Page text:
I wrote this essay about 12 Monkeys that has several factual errors! Marginal Gloss already spotted one. I didn’t title this essay—my editors did. I am eternally thankful. I wonder about ‘CRAZY’, <— that comma right there, on the outside. Using all caps titles forces certain typography decisions creating euphony on the screen/page. But, let us march forward Christian Socialists. We are the last dynamos of the American Marxists. So onwards.
Most of my UK followers—obviously—will be in the stands along the mâll awaiting the carriages and so forth. Best of luck. Eat some fish and chips por moi.
Continuing the Longest, Most Self-Serving Duck Beating to Date, for Which, Regrettably, the Administrator of Duck Beater Is Contractually Obliged to Publish, Spoilers Intact
Mortals, through the duration of its description of Ray and his wife Iris’ disintegrating marriage, presents the activities of a dying love as similar in form to an interrogation, to the work of spies and thugs. Questions become punishments, silence induces suspicion, pain takes on a crucial role, and the ordinary turns unspeakably strange as violence and death subsume the slightest gestures.
Because the novel is told from Ray’s perspective, we are privy to all the signs he takes to mean his wife is cheating on him with her doctor, Davis Morel. Ray fusses tremendously. “At least whatever was wrong was recent, Ray kept telling himself, he realized,” is the novel’s opening sentence. The paranoid litany continues as he traces Iris’ infidelity, which for three-quarters of the novel remains a construction in his depressed, jealous head. His soul is rent by the prospect of her infidelity. When Ray speaks to Iris about love, when he professes how dear she is to him, usually the two are richly conversing around the tenderness of their perceptions, their diverging worldviews. They are finding that though they know each other intimately, and adore one another, this affection has impelled them further away from a shared life.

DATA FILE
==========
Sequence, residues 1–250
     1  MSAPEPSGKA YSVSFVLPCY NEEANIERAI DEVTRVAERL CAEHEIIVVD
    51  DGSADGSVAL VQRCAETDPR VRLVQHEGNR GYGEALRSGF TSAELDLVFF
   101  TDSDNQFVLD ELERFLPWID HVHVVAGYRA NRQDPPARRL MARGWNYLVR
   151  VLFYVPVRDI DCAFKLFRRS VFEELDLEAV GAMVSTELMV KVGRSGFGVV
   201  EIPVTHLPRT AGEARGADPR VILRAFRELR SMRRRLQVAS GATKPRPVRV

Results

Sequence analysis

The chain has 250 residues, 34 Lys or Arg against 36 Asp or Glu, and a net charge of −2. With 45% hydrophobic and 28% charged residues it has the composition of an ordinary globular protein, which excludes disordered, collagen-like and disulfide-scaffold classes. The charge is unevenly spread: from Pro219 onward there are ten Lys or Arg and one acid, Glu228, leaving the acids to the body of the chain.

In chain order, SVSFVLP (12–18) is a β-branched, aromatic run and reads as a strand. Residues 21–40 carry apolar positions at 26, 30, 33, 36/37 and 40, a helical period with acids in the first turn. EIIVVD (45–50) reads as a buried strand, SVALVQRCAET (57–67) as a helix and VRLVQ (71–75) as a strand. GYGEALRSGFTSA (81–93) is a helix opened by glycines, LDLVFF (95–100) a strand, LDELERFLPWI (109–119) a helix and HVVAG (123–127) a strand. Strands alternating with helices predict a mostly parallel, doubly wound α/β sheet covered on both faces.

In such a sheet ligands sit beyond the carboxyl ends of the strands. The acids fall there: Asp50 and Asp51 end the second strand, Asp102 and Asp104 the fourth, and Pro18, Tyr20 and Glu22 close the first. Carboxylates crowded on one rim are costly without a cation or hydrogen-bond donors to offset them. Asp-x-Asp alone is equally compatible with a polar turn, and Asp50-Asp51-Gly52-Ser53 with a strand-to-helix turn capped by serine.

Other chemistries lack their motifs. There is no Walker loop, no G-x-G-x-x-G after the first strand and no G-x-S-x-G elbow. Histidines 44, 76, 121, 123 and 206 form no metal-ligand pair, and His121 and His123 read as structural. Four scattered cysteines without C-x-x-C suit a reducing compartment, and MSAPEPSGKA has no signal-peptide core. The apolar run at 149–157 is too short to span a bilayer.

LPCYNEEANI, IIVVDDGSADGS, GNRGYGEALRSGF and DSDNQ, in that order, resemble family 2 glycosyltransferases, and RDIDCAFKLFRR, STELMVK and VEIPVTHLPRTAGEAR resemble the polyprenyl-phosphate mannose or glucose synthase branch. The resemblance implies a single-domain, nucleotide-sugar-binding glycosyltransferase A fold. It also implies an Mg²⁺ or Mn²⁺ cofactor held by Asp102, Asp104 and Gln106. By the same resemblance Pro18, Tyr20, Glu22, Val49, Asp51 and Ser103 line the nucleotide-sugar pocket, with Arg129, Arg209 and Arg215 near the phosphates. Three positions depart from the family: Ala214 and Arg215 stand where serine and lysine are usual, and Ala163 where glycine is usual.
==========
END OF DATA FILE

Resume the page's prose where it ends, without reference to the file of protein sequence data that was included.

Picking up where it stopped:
Rush treats secrets philosophically. They function in his narrative to level devastation; they operate ironically. Ray’s involvement with the CIA ensures that an aspect of his life, the activity of his vocation, is locked away from his wife, his mate; her resentment of this at first seems like the caricatured resentment we all feel about the unknowables in our lover’s life, those subjects that have been excised from the warm familiarity of a strong and empathic relationship, willful or accidental. Iris understands that Ray’s vocation naturally manifests in the remaining aspects of his person, whether he admits to it or not, and so the philosophical heft of his commitment to secrecy, to serving a world power’s intelligence, may make his core morally weak or, rather, spiritually dry. In a middle passage, after a funeral, Ray is ruminating on Iris’ charity: “She liked to correct things. She thought the world was more pliable than it is. Every time she saw the cordon of prostitutes around the entrance to the Sun, her mind ran in the direction of what could be done for them.” This tenet of Iris’ interior, her innate capacity towards good action, is stunted by the relentless pressures of Ray’s vocation, and also the smothering way his vocation is mixed with the intensity of his affection for her:
She had a general impulse toward social helpfulness that somehow never resulted in organized action, like working with the gleaners the way Alice Wemberg had, actually getting out of the house and going to the site of the iniquity. He knew what she would say about that. She would say, if they were ever able to discuss it honestly, that he discouraged it, in part because it would raise their profile, which was always to be avoided, and in part because … he needed her so inordinately. For example, he always wanted to know where she was and that wherever she was it was a reasonable place to be, a safe place. Because the fact was that without her the world would be unintelligible to him. That much was true.
Ray’s need to keep tabs on his wife, to know her location or limit her movement, is indeed the repulsive tendency of an overly-needy husband, but it is also the tendency of a man who lives by participating in the shadowy control of other people. Ray is a spy. Iris accepts this. What she cannot accept is when her husband’s love becomes indistinguishable from spying. And eventually Ray uses CIA resources to spy on the doctor he presumes to be his wife’s lover.